On September 6, 1995, thousands of fans packed Oriole Park at Camden Yards in Baltimore, Maryland. The Orioles were playing host to the California Angels. President Bill Clinton was in attendance, but only as a spectator to the history that was about to be made.
The history being made this night would be voted by fans as the “Most Memorable Moment” in baseball history. In the fourth inning Cal Ripken, Jr. stepped to the plate and hit a homerun. As thrilling as that moment was, history still had not been made. After the Angels’ half of the fifth inning was over, it was official. The 56-year record held by Lou Gehrig for the most consecutive games played (2,130), now belonged to “The Iron Man” Cal Ripken, Jr.
A Hall of Fame player, Ripken was the ultimate role model for little leaguers and aspiring major league players both then and now. He is a member of the 3,000 hit club including 431 home runs. Ripken continued the consecutive game streak by an additional 502 games, a record that still stands at 2,632 games.
After breaking Gehrig’s record, Ripken said, “Tonight, I stand here, overwhelmed, as my name is linked with the great and courageous Lou Gehrig, I'm truly humbled to have our names spoken in the same breath. Some may think our strongest connection is because we played many consecutive games. Yet I believe in my heart that our true link is a common motivation-a love of the game of baseball, a passion for our team and a desire to compete on the very highest level.”
Leaders who go the distance can learn valuable lessons from Ripken and his example. John Maxwell said, “The heartbeat of leaders is what they love to do. The priorities of leaders is what they have to do…” Are you a leader who is willing to go the distance to be the best you can be? Leaders who go the distance have an understanding of these three principles.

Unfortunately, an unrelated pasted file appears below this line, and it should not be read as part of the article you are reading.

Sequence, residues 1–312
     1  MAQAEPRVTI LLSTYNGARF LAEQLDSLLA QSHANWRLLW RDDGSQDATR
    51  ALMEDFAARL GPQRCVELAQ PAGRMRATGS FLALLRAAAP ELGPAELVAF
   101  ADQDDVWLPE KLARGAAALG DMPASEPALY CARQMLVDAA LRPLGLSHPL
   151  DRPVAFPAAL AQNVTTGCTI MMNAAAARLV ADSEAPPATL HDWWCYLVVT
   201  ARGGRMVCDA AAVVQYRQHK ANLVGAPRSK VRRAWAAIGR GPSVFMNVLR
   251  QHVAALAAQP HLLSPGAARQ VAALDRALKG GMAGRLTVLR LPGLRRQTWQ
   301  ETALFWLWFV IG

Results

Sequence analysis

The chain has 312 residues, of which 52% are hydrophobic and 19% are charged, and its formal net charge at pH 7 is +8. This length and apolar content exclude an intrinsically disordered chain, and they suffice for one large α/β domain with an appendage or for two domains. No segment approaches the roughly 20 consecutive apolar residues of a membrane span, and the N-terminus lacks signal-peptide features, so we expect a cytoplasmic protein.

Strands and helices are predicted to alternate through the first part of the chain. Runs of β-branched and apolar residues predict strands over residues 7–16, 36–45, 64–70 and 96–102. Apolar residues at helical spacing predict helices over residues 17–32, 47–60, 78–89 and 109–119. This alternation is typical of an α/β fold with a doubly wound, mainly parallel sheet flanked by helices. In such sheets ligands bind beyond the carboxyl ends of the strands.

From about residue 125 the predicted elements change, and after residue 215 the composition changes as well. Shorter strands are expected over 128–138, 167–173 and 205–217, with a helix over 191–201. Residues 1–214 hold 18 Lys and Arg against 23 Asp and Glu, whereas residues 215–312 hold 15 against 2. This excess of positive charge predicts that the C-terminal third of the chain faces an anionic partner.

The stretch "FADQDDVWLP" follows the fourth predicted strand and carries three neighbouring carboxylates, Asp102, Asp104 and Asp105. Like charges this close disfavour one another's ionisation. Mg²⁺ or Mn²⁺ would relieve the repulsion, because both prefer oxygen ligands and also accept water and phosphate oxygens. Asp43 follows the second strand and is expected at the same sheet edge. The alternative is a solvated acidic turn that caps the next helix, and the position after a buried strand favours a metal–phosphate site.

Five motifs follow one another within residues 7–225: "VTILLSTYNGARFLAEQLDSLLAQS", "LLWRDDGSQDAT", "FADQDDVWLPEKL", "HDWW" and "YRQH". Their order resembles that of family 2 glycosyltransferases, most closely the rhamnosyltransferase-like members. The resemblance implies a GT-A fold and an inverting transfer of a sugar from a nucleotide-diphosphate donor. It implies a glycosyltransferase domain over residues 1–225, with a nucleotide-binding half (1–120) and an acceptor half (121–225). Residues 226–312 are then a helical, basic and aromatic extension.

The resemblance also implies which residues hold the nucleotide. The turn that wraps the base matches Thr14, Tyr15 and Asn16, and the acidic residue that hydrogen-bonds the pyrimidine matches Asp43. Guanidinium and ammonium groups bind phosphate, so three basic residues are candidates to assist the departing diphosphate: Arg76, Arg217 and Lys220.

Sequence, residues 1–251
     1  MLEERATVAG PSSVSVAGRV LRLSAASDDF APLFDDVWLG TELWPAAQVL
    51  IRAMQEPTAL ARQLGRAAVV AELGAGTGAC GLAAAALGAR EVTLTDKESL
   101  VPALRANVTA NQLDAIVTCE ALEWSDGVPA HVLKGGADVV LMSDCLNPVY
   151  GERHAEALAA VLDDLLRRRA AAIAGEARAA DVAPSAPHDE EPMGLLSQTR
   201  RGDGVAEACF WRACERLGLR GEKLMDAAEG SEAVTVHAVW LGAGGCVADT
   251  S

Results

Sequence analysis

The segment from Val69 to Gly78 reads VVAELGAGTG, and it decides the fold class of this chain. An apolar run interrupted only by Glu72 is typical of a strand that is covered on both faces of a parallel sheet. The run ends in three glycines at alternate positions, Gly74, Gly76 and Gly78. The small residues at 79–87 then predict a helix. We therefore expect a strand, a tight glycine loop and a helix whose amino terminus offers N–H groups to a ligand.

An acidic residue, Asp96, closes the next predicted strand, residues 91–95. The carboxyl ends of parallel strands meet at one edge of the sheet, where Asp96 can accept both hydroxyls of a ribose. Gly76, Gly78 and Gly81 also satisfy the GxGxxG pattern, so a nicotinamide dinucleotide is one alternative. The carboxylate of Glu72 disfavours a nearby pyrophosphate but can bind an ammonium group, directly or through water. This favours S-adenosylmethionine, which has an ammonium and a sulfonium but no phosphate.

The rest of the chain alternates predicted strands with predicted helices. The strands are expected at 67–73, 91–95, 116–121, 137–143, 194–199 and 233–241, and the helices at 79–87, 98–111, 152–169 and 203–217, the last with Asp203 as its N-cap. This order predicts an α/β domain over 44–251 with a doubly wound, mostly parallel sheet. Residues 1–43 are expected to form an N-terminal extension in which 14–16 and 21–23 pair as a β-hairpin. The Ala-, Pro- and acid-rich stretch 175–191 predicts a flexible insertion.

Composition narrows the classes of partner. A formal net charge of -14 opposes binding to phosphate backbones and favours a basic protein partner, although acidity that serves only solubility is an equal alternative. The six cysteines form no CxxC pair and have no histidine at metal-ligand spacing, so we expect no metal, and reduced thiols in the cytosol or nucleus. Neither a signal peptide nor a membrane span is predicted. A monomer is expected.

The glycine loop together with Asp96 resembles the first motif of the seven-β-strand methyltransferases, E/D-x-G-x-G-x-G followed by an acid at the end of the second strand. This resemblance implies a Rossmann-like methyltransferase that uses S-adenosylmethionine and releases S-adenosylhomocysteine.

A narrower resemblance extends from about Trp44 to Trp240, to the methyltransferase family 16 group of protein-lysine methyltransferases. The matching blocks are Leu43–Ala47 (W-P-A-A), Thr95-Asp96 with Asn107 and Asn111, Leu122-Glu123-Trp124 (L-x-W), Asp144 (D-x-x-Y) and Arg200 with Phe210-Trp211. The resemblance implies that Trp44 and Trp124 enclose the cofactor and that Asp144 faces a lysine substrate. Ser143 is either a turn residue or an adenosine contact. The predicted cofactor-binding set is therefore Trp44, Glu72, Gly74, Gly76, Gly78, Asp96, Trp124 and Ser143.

Leaders who go the distance have clear priorities. Never has there been a time when it is so easy to be distracted by the “tyranny of the urgent’. Dwight Eisenhower said, “The older I get the more wisdom I find in the ancient rule of taking first things first-a process which often reduces the most complex human problem to a manageable proportion.”
The more advanced we become in terms of technology and communications the more distracted we become. Leaders who go the distance are individuals who not only have a clear agenda but are executing it. While it might sound monotonous, a 56-year record broken by Ripken was done on days when I am sure he didn’t feel like it. Once priorities are settled, it opens new doors to enjoy the second characteristic.
Leaders who go the distance are passionate. Once again, hear the words of Ripken, “Yet, I believe in my heart that our true link is a common motivation-a love of the game of baseball, a passion for our team…” Without a love for the game and passion to energize him, Ripken would not have broken the record.
What about you? What is your passion? The pursuit of your passion is realized when you have a clear set of priorities that guide you and keep you on the right path. Warren G. Bennis once said, “The factory of the future will have only two employees, a man and his dog. The man will be there to feed the dog. The dog will be there to keep the man from touching the equipment.” It’s the same with your passion. Priorities will be there to keep you on track.
Leaders who go the distance fulfill their purpose. Leadership’s ultimate achievement is not to attain a title or position. It is to expand your sphere of influence for good and to causes greater than yourself. Kenneth Hildebrand summarized it correctly when he said, “Strong lives are motivated by strong purposes.”
Now retired from baseball, Cal Ripken, Jr. devotes his time and energy for causes through his foundation. His purpose now is to support little league baseball and many other notable charities. As remarkable as his baseball career was, his lasting legacy- that of fulfilling his purpose is truly inspiring.
Are you a leader ready to go the distance? Set your priorities, embrace your passion, live your purpose.
© 2010 Doug Dickerson